Infidelity

Love and betrayal are two emotions that have been extensively written about. The emotions they arouse have been described by many in literature, history and religion. The emotions and the consequences of affairs have fascinated all. Irrespective of our relationship with our family, it is our nurturing ground and holds a special place in our hearts. When the existence of the family is at stake it threatens our sense of belonging. It disrupts the structure of the family. An affair makes us more vulnerable to abandonment which makes us feel threatened. Movies have always portrayed affairs in two different lights. Movies that have infidelity as its main theme are either comedies or murder mysteries. An inherent double standard exists with respect to infidelity. In cases where the man has been unfaithful, the wife is blamed for his straying. This is a common belief among both men and women. When the woman has an affair she is blamed for that too. Infidelity is viewed differently in different cultures.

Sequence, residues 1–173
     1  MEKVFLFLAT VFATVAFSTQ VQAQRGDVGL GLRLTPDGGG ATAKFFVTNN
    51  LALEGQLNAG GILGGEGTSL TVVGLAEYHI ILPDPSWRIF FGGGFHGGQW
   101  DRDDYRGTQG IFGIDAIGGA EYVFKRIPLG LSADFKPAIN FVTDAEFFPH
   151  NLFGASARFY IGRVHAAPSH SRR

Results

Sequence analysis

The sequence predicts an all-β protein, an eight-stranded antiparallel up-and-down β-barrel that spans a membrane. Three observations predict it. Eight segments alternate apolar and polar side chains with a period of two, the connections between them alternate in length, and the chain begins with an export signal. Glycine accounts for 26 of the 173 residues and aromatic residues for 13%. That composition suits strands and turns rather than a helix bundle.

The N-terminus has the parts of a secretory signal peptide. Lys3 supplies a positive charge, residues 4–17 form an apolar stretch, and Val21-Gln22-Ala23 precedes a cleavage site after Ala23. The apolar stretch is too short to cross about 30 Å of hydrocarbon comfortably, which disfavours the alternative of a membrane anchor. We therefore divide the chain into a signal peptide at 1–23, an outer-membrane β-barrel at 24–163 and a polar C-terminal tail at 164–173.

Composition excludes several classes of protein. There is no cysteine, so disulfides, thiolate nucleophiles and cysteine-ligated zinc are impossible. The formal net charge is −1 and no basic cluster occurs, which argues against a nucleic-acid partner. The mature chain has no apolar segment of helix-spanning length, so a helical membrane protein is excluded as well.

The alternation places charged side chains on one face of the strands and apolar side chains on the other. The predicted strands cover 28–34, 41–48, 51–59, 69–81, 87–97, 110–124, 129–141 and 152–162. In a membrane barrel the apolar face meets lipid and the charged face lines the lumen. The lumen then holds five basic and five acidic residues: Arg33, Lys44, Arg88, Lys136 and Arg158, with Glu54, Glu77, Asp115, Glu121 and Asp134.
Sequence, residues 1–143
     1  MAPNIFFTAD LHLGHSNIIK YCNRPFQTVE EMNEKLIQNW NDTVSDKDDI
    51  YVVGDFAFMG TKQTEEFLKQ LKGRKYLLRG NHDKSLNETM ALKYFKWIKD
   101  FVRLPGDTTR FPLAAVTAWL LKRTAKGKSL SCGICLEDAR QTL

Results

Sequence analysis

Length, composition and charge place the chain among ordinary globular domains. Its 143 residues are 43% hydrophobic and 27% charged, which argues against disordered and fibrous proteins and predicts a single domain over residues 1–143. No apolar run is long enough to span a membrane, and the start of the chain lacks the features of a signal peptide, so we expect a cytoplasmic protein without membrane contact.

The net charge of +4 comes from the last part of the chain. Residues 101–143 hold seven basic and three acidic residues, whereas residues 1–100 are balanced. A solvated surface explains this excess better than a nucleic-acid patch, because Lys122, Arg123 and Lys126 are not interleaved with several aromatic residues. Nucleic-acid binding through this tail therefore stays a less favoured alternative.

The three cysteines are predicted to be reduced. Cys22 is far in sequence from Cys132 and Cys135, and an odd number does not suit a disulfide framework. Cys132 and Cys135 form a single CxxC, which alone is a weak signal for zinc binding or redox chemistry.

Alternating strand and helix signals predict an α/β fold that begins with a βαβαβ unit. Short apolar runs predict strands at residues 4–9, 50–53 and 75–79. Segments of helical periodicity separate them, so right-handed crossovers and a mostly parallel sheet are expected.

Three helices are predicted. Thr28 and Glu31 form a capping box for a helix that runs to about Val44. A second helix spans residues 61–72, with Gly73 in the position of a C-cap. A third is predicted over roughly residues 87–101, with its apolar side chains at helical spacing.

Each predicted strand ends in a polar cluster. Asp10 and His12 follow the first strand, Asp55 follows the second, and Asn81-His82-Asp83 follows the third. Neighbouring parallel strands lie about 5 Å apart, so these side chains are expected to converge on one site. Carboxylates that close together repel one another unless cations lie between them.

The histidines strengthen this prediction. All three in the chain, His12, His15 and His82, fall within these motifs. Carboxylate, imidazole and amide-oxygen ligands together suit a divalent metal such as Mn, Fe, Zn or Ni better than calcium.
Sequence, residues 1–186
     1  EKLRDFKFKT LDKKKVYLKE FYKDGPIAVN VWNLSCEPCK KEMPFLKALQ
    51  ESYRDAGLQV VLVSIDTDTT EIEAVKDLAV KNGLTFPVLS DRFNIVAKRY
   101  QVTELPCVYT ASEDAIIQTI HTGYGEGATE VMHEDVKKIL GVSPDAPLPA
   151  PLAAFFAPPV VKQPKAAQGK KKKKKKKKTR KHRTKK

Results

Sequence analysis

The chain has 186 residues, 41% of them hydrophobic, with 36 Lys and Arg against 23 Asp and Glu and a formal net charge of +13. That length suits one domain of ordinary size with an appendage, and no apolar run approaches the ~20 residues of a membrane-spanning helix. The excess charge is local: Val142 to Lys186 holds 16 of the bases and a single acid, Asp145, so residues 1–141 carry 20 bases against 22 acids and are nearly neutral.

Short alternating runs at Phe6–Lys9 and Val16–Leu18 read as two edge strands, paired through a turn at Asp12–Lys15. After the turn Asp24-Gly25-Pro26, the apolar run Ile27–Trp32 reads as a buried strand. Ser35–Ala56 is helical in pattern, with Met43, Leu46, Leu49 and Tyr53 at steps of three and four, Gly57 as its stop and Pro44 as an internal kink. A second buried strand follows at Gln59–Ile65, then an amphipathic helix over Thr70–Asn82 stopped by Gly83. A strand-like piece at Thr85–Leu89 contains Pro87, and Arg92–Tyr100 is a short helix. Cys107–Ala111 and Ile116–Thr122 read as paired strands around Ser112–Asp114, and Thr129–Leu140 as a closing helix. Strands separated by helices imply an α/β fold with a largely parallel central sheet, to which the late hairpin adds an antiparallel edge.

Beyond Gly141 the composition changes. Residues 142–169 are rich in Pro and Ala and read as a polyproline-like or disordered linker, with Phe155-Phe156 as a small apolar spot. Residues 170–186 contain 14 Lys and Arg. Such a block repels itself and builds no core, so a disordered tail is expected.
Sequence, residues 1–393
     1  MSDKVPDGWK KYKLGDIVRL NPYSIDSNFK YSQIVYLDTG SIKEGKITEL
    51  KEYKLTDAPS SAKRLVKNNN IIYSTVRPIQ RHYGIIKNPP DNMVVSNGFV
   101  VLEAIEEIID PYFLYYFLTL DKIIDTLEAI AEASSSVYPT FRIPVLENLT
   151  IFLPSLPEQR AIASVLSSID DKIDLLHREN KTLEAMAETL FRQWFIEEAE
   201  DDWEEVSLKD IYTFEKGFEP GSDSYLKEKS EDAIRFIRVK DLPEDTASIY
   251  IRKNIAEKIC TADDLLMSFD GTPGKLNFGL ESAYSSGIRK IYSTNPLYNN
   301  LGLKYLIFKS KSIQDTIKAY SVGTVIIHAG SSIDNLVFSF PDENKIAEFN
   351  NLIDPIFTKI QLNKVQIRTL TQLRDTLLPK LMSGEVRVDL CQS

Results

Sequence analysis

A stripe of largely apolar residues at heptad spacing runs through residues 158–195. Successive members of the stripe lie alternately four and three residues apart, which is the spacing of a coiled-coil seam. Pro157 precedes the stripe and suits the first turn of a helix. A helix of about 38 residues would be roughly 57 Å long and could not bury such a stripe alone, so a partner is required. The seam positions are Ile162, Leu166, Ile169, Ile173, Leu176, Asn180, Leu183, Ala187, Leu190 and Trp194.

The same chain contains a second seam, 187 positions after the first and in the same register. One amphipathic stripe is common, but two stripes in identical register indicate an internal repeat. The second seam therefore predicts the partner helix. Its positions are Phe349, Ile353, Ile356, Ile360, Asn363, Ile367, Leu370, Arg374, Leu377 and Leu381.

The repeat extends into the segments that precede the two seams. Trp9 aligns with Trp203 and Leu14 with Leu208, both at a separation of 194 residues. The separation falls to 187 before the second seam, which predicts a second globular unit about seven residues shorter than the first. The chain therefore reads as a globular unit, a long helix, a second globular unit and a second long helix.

The Irish refer to infidelity as the ‘Irish divorce’. Until 1997 divorce was not an option for them. In certain societies where marriages are arranged, the coming together is mainly based on economic and political factors rather than emotional and personal. Infidelities in such cases are a means to construct a tolerable space within one’s life. In certain societies in Africa it is an accepted norm for the man to have as many wives and children as far as he can afford but if the wife was found to be unfaithful she would have to pay with her life. In Japan it is common for rich men to have a concubine which is not very common now due to the mounting cost. Also affairs of high ranking officials are seen as normal (Brown p.2-4).